But at my current employer, my colleague Alexandre Masselot had a singularly brilliant idea: instead of just firing off an email, why not add a visual cue as well? So he set up a physical flag system, attached to a USB servo device, with a cron script that would raise the flag whenever a Jenkins build failed. It looked like this:

Everyone on the dev team loved it. If the flag was raised when we walked into the office in the morning, the first question at the scrum meeting would be, “Who broke the build?” And as soon as the flag started to rise, you could hear the servo cranking, and the guilty developer would announce, “That was me!” A good time was had by all.

But could we do better?

The developers on the far side of the room couldn’t always hear the cranking sound, so they often didn’t notice when the flag was raised. So we decided to add an audio cue as well. Every time the build was broken, the machine would play the Star Wars “Imperial March” (aka Darth Vader’s theme), using the Unix beep command, since this particular machine had no speakers. It sounded like this:

And every time the build was fixed, it would play the main theme of Star Wars, to celebrate the joyous occasion:

This solved the immediate problem. The cacophonous beeping that signaled a build failure could be heard on the far side of the room. And beyond, where even the non-devs in the office could enjoy the sweet sound of pure geekiness.

But could we do better?

Whenever Darth Vader thundered his beeping fanfare, all the developers would immediately stop and check Jenkins to see which component broke. We didn’t have a quick way to know “whodunnit.”

So we added a new feature: an Android phone attached via USB, plus a simple text-to-speech app that would announce the name of the guilty party and the component that he or she broke.

The end result is that whenever the build is broken: the following events occur:

  1. The flag goes up
  2. The dreaded “Imperial March” sounds
  3. A robotic voice says “So-and-so broke the build, in the project such-and-such.”

The final system looks like this:

 

Then, when the build is back to normal, the system announces who fixed it, and all is forgiven:

 

So nowadays, whenever we start to hear the infernal beeping from our Jenkins machine, everyone takes off their headphones and patiently waits to hear who broke the build. Possibly with some apologies/excuses/complaints from the accused individual. (“It’s because the downstream project built before I was ready!”)

In any case, it makes our office much more melodious and much more fun. And luckily, the nearest non-dev is a Star Wars geek, so she doesn’t mind our antics.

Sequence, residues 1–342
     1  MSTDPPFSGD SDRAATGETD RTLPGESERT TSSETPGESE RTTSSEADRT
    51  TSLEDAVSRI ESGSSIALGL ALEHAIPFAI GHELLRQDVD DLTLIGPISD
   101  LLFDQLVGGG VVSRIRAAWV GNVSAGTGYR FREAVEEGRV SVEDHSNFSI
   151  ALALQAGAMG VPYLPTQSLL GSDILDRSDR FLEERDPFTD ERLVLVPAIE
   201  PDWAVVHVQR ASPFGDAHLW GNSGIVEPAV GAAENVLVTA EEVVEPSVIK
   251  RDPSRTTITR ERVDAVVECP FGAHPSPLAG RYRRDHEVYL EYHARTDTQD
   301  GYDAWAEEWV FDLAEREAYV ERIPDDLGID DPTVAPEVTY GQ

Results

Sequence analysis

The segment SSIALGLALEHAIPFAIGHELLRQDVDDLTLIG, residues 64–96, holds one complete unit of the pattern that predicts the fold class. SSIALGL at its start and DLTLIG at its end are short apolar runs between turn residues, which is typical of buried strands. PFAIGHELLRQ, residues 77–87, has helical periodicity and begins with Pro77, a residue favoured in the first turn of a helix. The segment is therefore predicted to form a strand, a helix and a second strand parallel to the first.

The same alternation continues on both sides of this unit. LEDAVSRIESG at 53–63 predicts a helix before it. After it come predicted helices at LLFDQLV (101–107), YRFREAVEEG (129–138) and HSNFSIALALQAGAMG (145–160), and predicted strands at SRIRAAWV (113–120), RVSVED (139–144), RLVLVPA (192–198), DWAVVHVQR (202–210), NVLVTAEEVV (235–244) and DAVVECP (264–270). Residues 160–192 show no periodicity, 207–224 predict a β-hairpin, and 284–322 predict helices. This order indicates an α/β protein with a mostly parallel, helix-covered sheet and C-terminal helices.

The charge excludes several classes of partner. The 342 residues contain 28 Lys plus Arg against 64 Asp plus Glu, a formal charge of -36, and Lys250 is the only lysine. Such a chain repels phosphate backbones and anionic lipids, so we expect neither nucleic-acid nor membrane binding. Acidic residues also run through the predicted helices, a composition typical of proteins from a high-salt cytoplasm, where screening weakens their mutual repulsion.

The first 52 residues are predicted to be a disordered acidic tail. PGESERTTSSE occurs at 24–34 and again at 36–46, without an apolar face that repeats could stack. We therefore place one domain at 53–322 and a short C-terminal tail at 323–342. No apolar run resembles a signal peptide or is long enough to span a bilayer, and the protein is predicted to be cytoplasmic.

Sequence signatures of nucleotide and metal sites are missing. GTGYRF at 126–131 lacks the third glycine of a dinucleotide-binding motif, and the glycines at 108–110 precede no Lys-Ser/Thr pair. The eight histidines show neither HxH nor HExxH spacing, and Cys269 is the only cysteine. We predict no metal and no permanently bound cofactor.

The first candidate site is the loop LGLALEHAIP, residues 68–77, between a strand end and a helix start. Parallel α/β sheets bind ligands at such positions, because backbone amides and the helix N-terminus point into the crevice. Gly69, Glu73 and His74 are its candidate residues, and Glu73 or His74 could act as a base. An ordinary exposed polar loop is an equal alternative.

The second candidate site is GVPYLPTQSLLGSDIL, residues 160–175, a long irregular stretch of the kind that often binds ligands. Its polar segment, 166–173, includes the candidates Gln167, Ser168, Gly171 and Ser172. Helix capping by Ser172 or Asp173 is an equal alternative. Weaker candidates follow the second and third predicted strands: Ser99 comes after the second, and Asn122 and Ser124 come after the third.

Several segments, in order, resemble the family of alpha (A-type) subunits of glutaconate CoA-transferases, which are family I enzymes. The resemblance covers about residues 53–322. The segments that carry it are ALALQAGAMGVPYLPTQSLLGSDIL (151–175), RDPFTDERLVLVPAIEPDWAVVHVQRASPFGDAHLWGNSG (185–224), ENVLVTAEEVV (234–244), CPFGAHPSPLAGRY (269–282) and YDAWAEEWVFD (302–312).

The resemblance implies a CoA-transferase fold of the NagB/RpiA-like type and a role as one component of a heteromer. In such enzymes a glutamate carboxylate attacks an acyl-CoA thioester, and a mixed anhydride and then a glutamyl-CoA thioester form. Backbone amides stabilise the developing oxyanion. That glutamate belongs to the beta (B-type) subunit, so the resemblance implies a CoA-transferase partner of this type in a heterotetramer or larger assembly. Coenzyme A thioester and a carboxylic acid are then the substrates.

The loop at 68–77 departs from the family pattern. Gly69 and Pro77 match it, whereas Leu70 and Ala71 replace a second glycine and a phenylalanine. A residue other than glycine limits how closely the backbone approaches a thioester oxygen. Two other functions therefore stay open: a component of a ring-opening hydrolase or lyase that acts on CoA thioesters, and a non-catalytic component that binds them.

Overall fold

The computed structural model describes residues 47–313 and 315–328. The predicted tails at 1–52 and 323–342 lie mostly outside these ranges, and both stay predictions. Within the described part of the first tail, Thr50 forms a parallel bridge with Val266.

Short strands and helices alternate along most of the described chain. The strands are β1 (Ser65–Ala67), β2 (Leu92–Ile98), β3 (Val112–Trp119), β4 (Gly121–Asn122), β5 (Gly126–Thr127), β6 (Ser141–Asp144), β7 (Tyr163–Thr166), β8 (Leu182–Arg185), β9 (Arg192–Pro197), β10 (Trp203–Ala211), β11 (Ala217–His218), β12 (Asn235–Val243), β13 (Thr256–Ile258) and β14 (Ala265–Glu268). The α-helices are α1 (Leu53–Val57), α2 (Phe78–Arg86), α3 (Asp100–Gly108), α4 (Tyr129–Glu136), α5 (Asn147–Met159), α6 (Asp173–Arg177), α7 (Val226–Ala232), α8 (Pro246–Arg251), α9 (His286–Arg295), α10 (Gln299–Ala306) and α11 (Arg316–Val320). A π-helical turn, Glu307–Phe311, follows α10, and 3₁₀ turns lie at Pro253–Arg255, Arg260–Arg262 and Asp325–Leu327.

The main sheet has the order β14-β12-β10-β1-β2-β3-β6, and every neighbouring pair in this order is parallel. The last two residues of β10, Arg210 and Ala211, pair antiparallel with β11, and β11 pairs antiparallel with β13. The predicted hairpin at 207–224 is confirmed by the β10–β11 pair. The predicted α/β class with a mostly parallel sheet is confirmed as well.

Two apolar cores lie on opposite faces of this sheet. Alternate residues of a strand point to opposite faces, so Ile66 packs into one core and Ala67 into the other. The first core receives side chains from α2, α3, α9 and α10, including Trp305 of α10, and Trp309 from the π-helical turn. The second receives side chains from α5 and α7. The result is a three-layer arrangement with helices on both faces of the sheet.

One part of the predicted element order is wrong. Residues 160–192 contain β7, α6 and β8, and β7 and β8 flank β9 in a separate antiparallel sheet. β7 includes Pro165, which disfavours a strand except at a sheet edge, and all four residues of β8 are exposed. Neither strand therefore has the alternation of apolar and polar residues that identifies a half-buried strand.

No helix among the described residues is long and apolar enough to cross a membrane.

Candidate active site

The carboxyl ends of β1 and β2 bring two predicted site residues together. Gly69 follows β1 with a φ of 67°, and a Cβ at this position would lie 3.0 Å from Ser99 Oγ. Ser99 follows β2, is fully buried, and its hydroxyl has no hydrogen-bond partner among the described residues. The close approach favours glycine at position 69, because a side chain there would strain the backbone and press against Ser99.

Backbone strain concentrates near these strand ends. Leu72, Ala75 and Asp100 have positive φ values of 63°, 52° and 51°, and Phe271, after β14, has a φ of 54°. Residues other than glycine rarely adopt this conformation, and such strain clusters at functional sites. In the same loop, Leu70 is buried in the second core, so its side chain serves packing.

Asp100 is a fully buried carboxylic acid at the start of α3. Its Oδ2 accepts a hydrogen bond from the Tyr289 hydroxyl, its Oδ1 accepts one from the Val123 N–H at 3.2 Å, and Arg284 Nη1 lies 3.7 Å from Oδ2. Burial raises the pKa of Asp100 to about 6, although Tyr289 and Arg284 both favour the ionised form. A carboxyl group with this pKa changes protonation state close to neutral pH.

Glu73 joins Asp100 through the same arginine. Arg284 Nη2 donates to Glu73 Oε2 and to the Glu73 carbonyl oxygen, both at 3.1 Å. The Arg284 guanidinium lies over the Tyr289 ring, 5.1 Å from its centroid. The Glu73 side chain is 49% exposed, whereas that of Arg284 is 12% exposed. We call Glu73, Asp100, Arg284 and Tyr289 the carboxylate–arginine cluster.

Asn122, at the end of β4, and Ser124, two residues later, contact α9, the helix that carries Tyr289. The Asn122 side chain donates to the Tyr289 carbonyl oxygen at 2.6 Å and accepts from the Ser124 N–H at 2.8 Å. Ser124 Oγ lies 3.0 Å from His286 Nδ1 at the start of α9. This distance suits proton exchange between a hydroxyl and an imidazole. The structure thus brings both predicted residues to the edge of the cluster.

Do it yourself

If you’d like to recreate our setup, it will only cost you about 40 bucks and a little bit of development time. You’ll need:

  1. A Yocto-Servo device ($25)
  2. A micro USB cable to connect it ($6)
  3. A micro servo to work the flag ($8)
  4. The flag itself (we used a Canadian flag, because it’s what I had, eh)
  5. The cron script to call Jenkins and raise the alarm
  6. The SimpleTalker app, if you have an Android device available. We use an old HTC Magic.

Bonus features

We also experimented with a few other features. If you use this excellent Python script to convert MIDI files into beep format, for instance, you can find any MIDI you like and make it into euphonious beep music. Here’s what this Super Mario Bros. theme from VGMusic.com sounds like:

And you could use the Mario “game over” theme for a build failure:

Alternatively, the Android app I wrote supports specifying an MP3 file on the device’s storage, in addition to the text-to-speech. Maybe each of your developers prefers a personalized “failure” and “success” theme? The sky’s the limit.

And if the beeping sound isn’t annoying enough, I will humbly point out that Yoctopuce also offers USB modules to operate an emergency rotating light. I take no responsibility for the mental health of your office-mates if you actually install such a device.

Summary

Programming is fun. And in our office, we’ve found that turning programming into an audiovisual experience makes it even more fun. I hope you’ll get a kick out of the code we’ve written, and that your boss won’t think it’s a waste of time. (Ours didn’t, although she keeps the door to her office firmly closed now.)